Thomas Jefferson University’s big gamble on cannabis may be beginning to pay off despite a recent series of setbacks that have included the departure of a key executive, the implosion of a venture to create the world’s largest medical marijuana patient database, and a stalled academic research program.

First, the good news. The Philadelphia health system is using an entrepreneurial model that includes direct investments in cannabis companies.

Last week, one of its collaborations generated a small, but impressive, windfall. The university saw its $2.1 million stake in Ecofibre, an obscure Australian hemp company, swell to $3.2 million after the company (ASX: EOF) went public on the Australian Stock Exchange.

Ecofibre grows thousands of acres of the plant in Kentucky. It produces a line of CBD nutraceuticals under the Ananda brand, and is seeking to become one of the first producers of high-performance hemp-based textiles under its Hemp Black subsidiary.

The gain of $1.1 million may be the first cannabis investment to generate a substantial return for a major U.S. academic research institution.

Ecofibre’s primary owner and chairman is billionaire Barry Lambert, who, with his wife, Joy,donated $3 million three years ago to Jefferson.

The Lamberts’ unrestricted gift helped to create what came to be known as the Lambert Center for the Study of Medicinal Cannabis and Hemp. Jefferson has touted the center as the nation’s first clearinghouse for academic research on the plant and its products. The center’s steering committee boasts many of the nation’s preeminent cannabis researchers.

After funding the Lambert Center, Ecofibre and Barry Lambert also entered into a separate arrangement to partner with a program at Jefferson’s East Falls campus. The campus was formerly known as the Philadelphia College of Textile and Sciences.

A division of the East Falls campus now serves as the research and development arm of Ecofibre’s Hemp Black subsidiary. Hemp Black is developing textiles, hemp-based materials, and wearable fabrics that could monitor the heart rates and other vital signs of patients. About 15 Jefferson students participate in the Hemp Black project.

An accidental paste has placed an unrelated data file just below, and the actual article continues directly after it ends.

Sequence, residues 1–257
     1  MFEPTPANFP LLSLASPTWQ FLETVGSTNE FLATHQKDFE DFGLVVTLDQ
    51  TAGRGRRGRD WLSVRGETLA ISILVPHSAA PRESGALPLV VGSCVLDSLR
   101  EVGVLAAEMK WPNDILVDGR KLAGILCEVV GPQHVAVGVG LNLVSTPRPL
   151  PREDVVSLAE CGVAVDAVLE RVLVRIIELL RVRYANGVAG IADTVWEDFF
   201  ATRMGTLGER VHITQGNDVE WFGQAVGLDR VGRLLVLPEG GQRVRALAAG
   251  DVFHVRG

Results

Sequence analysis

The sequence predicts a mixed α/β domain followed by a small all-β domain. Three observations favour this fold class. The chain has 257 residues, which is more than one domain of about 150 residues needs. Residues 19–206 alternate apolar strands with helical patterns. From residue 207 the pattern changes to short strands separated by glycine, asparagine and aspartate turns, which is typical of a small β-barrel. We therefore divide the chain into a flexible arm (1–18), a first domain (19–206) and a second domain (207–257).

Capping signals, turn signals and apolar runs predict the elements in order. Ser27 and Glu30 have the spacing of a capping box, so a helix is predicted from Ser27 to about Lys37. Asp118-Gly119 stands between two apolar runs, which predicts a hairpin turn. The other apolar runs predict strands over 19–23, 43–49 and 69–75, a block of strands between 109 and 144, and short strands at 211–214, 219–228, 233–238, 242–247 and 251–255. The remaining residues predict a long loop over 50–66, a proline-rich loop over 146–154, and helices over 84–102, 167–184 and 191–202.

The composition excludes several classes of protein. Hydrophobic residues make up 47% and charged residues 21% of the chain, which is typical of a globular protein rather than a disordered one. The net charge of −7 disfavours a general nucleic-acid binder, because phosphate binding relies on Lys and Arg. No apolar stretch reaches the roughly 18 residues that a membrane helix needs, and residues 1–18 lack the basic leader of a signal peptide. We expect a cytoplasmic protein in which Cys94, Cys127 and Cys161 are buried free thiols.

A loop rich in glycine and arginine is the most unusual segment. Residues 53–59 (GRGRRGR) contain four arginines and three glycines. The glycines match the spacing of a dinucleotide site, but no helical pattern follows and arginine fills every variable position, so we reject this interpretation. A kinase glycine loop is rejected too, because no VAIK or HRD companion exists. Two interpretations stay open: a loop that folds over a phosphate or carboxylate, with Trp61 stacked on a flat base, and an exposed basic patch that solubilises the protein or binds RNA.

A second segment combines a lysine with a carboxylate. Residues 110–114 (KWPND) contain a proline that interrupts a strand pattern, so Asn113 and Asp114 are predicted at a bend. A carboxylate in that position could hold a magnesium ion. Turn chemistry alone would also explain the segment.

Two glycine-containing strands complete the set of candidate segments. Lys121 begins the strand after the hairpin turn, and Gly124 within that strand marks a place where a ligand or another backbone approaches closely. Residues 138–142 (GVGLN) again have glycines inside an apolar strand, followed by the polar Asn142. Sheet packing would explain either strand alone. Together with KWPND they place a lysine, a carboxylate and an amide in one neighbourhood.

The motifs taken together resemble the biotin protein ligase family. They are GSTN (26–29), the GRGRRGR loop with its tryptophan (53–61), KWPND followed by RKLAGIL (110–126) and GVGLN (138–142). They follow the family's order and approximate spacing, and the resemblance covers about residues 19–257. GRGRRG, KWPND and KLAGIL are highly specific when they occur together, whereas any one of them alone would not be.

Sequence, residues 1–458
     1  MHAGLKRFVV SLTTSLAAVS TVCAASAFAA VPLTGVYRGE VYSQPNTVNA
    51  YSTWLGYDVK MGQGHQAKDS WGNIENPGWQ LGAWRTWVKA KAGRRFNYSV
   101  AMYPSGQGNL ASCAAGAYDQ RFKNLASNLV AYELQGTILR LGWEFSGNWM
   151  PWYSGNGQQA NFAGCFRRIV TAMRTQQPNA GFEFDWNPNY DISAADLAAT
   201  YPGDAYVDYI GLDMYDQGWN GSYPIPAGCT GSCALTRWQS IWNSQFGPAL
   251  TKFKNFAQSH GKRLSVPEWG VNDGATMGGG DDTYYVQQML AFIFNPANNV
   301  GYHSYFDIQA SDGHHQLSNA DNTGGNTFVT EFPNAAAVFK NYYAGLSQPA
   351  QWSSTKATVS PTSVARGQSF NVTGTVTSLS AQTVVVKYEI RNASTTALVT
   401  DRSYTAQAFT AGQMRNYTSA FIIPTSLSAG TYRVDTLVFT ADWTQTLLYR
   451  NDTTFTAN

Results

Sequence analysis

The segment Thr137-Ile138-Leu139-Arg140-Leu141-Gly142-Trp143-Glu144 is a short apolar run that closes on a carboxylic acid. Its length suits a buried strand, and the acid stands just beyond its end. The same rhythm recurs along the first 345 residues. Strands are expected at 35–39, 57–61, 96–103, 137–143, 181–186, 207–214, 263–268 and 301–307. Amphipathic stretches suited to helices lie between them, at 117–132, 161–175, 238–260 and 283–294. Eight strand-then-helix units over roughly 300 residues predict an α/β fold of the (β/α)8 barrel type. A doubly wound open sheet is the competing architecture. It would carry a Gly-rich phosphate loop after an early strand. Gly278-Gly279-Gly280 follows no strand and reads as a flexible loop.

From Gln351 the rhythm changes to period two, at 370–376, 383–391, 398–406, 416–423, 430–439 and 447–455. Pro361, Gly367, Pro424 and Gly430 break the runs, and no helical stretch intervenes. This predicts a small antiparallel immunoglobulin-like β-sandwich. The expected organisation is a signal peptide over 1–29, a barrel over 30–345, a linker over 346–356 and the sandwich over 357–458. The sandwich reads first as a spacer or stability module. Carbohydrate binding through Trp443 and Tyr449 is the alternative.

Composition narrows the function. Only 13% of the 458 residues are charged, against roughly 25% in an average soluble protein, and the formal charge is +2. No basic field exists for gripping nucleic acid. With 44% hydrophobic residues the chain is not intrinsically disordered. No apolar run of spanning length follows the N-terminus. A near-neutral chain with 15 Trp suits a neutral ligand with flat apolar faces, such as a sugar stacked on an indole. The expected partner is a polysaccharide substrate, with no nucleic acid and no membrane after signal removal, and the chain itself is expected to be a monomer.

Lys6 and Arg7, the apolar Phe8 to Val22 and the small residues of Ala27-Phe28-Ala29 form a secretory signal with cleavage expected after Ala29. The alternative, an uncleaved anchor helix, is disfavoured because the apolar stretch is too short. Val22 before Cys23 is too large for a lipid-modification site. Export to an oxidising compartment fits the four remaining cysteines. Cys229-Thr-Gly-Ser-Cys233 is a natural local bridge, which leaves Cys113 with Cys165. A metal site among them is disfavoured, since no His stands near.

In return for the sweat equity produced by the students and faculty members, Ecofibre granted Jefferson an initial $2.1 million stake. Jefferson has the option to purchase additional shares, said spokesman John Brand. Last week’s IPO was focused on Hemp Black, CEO Eric Wang said. “Although we have a very strong CBD operation, we’re accelerating the commercialization of our high performance textiles,” Wang said. “That will be the biggest business for Ecofibre.”

Two of Ecofibre’s senior officers are affiliated with Jefferson. The company’s chief science officer, Alex Capano, is a faculty member at the Lambert Center and a senior fellow at Jefferson’s Institute of Emerging Health Professions, according to the company’s IPO prospectus. Brand said Capano is not a Jefferson employee. Chief innovation officer Mark Sunderland is a professor at Jefferson, where he leads research into hemp textiles.

Now the bad news: This week, the Lambert Center was hit by the abrupt resignation of its director, Charles Pollack, a professor of emergency medicine at the university. In an email, Stephen Klasko asked the steering committee to suggest new candidates to lead the center.

As the Lambert Center struggles to chart a new direction, Jefferson also is juggling other cannabis-related stumbles.

The Lambert Center’s partnership to create mmj.org, a national database of 100,000 medical marijuana patients with a Boston company called ioVita, was canceled with no public explanation and Jefferson lost its $150,000 investment in the venture, according to sources with knowledge of the failed deal.

In addition, the health system’s plan to partner with a marijuana company to conduct lucrative medical research has been on hold for more than a year due to a state health department decision.

Jefferson’s former chairman of the board, William Landman, is widely credited with creating an unprecedented provision of the Pennsylvania law that allows eight state health systems to enter into exclusive agreements with marijuana growers.

For the health systems, the arrangements are designed to generate millions of dollars worth of intellectual property and patents.

Before the state reviewed applications, Landman’s company, Mainline Investment Partners, trumpeted that it would be Jefferson’s collaborator in the research venture. Other marijuana companies filed lawsuits in Commonwealth Court alleging unfair competition. Eventually, the state rejected the applications of all eight marijuana companies, forcing each to reapply by April 11.